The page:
Altona to Williamstown

Port Phillip Bay whiting on display, Steve Cooper

The skyline stretching around the shore from Altona to Williamstown provides an unlikely backdrop for top fishing. Industry dominates, in particular refineries, with flames burning off gases. However, anglers who fish here know these waters are among the bay’s best for snapper and King George whiting. Some of the most consistent snapper fishing I have experienced in the bay has been on the inshore reefs that run from the breakwater pier at west Williamstown to the Altona boat ramp.

Anglers with a penchant for soft plastics or saltwater fly-fishing will find wading the grass beds along the shoreline and casting lures into the shallows can produce large yank and sand flathead.

The stretch offshore from the pier to the Altona ramp features intense reef systems that hold King George whiting, snapper, sometimes elephant fish, gummy sharks and the odd ling. Snook can be found in the shallow areas, while further offshore pinkies are dominant during the day, with larger snapper moving in at night. Inshore, grass beds offer good whiting fishing over summer and, sometimes, Australian salmon show in good numbers.

If you want big snapper, head for water 15 m or deeper. You won’t catch as many fish, but there the fishing is more about quality than quantity. If you just want a feed, start over the rubble and reef grounds closer inshore. The fishing can be frenetic when the snapper are in the area as they tend to school over small areas.

The second, more popular ramp is at Altona, but lack of car parking during the snapper season is a problem. The refinery lights make it difficult to find the ramp at night when returning, so mark the entrance in your GPS unit. Red sticks in front of the Altona ramp indicate dangerous reef. This ground produces good pinkies year round, yank flathead, whiting in patches along the reef edges, pike and salmon. The broken ground extends as far as the Altona pier.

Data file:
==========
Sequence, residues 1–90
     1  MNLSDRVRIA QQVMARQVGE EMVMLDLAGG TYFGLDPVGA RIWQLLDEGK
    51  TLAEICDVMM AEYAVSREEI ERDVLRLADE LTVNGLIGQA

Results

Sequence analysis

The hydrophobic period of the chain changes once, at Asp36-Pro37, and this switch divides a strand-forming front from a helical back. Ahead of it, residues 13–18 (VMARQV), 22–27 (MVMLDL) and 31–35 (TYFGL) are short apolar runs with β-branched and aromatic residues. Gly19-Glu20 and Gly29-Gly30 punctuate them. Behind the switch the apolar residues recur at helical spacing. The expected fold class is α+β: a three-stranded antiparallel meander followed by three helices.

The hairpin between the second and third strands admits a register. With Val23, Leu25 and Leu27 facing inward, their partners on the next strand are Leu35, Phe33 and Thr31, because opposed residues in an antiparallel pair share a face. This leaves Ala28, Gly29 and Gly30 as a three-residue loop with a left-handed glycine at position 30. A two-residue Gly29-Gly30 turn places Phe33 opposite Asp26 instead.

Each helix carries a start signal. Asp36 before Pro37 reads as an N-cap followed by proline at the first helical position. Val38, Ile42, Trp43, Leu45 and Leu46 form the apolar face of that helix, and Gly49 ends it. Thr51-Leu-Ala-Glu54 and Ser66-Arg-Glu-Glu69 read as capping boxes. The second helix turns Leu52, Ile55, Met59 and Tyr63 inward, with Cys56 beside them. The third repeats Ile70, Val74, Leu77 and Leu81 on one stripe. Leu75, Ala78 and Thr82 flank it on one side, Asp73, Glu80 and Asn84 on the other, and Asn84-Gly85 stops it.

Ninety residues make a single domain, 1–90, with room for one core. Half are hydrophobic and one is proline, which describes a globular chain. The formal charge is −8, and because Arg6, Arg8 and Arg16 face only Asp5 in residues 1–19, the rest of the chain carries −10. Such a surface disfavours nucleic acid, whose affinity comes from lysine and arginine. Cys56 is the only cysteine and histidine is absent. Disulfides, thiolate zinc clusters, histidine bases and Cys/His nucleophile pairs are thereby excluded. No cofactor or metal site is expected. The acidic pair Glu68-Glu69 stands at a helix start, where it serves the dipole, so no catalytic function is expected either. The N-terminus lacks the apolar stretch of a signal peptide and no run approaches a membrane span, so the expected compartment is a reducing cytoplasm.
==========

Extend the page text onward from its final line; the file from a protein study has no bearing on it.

At the Altona boat ramp a few years back, a chap drove up in his car, opened a car fridge and proceeded to remove several large snapper, 11–13 kg. After placing the fish on the cleaning table, the gent returned to his car to collect a small shovel, which he used to scale the fish. As is usual when big fish appear on a cleaning table, a crowd gathered and questions were  asked. An onlooker with a distinct southern Mediterranean accent spoke up: ‘Hey mate, where you catch the snapper?’

‘Point Cook,’ was the succinct response.

‘Hey Joe,’ the Maltese chap then called out: ‘What did I tell you? I kill you Joe; I tell you we should’a been at Point Cook.’

After cleaning his catch of snapper, the lucky angler walked past a friend of mine and, with a wink and nod he grinned and said: ‘Don’t worry about it mate, I just got back from Adelaide.’

West of the boat ramp, Altona pier on Pier Street offers shallow- water fishing for King George whiting, squid, snook and, during a south-easterly blow, snapper can also be caught. About halfway between the pier and Altona ramp is Millers Rd, where you sometimes come across anglers with surf tackle fishing from the rocky shoreline for snapper. This early-season fishery produces good results.

The closest boat ramp to Williamstown is in the Yarra River at Newport. It is situated at the end of North Rd in the ‘Warmies’ channel that is the Newport power station cooling water. It is a dual-lane ramp with mooring jetties, a carpark, and wash down and cleaning table facilities. The breakwater pier at Williamstown is closed to fishing, but many land-based anglers fish from the carpark below the timeball tower. The bulk of their catch comprises King George whiting, trevally, salmon, snapper, and sometimes gummy sharks and flathead.

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